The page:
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3C58: The remnant of a supernova in the constellation Cassiopeia.
(Credit: NASA/CXC/SAO/S.Murray et al.)

Caption: When astronomers used Chandra to observe the remains of a supernova believed to have been observed in 1181 AD, they discovered one of the youngest pulsars known. Embedded in a cloud of high-energy particles, the pulsar is rotating about 15 times a second and is slowing down at the rate of several microseconds per year. A comparison of the rate at which the pulsar is slowing down and its age indicates that the 3C58 pulsar is rotating just about as fast now as when it was formed. This is in contrast to the Crab pulsar, which was formed spinning much more rapidly and has slowed to about half its initial speed.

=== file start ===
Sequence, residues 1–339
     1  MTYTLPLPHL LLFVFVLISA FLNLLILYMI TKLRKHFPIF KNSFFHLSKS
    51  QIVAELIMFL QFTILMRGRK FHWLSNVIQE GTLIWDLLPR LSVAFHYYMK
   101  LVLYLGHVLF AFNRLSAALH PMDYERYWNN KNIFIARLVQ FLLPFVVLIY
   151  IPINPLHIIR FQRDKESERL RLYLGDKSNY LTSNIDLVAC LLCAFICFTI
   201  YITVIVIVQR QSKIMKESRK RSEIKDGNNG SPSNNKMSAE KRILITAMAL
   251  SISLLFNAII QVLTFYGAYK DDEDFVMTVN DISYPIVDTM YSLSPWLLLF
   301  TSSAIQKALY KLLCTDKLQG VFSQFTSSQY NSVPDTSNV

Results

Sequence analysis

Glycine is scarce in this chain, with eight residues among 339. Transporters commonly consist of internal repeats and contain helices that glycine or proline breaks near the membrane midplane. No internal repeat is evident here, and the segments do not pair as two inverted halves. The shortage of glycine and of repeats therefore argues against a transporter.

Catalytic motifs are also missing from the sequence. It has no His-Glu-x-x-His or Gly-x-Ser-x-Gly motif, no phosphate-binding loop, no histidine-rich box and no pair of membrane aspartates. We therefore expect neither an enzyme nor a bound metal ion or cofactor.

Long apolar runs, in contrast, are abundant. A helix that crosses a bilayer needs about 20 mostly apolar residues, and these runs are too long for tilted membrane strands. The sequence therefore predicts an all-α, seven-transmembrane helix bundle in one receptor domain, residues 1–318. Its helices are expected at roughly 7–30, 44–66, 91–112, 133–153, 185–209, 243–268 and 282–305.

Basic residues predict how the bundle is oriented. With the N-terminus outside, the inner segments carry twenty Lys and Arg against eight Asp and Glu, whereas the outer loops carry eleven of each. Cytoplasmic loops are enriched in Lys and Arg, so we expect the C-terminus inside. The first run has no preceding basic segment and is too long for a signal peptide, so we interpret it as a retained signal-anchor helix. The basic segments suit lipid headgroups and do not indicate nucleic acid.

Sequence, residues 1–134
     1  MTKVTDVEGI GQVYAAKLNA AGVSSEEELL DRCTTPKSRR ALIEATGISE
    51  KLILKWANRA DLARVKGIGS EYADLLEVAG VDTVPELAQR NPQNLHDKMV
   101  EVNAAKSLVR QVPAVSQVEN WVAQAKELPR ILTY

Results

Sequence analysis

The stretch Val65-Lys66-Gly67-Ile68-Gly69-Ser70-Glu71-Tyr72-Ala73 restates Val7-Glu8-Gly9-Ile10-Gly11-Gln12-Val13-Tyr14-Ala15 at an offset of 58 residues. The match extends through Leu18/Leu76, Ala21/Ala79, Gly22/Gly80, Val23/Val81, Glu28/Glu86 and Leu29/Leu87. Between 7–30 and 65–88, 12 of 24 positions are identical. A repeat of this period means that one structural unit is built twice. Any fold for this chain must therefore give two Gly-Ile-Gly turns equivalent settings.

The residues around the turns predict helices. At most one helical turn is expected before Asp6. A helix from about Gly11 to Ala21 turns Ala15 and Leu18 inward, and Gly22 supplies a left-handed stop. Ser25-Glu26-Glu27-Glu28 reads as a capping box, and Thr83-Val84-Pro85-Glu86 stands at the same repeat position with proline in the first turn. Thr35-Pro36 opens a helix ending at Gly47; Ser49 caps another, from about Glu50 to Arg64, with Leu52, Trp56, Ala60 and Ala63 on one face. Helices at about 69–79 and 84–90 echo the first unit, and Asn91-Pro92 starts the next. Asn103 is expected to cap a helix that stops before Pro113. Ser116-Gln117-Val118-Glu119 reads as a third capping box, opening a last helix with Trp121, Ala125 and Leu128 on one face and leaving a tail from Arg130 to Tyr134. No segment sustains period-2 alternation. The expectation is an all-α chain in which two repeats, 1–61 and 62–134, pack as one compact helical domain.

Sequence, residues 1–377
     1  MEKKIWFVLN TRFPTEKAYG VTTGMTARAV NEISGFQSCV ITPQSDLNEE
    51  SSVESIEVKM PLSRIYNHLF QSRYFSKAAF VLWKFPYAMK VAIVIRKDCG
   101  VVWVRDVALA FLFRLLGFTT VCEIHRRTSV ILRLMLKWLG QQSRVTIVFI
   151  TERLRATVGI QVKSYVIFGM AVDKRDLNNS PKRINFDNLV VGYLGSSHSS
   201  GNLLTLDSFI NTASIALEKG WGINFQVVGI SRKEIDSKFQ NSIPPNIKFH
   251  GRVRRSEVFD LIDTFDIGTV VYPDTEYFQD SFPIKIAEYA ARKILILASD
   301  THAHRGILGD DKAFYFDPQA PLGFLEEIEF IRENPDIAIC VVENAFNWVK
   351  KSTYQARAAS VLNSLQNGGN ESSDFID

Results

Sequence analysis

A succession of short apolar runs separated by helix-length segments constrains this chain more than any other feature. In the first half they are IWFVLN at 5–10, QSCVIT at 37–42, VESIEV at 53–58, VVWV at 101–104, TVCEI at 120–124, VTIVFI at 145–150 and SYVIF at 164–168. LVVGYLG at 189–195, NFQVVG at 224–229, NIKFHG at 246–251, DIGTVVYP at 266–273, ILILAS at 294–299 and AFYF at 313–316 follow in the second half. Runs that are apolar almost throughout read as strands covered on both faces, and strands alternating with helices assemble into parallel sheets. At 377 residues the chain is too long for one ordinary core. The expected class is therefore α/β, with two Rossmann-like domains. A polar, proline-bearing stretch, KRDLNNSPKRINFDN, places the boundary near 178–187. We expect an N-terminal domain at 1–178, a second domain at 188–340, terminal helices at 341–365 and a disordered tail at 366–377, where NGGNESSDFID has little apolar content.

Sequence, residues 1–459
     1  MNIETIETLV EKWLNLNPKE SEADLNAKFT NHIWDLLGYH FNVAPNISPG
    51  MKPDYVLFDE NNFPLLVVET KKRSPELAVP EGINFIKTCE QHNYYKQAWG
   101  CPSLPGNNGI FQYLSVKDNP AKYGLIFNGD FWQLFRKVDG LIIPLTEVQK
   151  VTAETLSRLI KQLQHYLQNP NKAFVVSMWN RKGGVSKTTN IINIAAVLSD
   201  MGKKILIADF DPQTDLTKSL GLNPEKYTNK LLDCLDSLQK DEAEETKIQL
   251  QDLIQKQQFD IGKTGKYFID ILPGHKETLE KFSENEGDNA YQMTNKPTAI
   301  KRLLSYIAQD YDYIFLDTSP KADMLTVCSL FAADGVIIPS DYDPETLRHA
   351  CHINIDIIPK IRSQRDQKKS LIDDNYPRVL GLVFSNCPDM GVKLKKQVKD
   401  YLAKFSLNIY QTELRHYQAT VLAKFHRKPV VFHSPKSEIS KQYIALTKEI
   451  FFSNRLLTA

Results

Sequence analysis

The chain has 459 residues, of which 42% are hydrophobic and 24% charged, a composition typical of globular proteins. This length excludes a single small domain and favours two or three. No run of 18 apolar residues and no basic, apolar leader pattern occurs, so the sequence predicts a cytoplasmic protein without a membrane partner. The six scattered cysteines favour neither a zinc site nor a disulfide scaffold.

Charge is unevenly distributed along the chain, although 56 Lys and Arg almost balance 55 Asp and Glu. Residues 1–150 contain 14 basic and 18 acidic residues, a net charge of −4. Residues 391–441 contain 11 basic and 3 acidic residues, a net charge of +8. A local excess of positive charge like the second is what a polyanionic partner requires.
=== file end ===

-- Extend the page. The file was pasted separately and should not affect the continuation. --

Scale: Image is 15 arcmin across (left to right).

Chandra X-ray Observatory HRC Image

CXC operated for NASA by the Smithsonian Astrophysical Observatory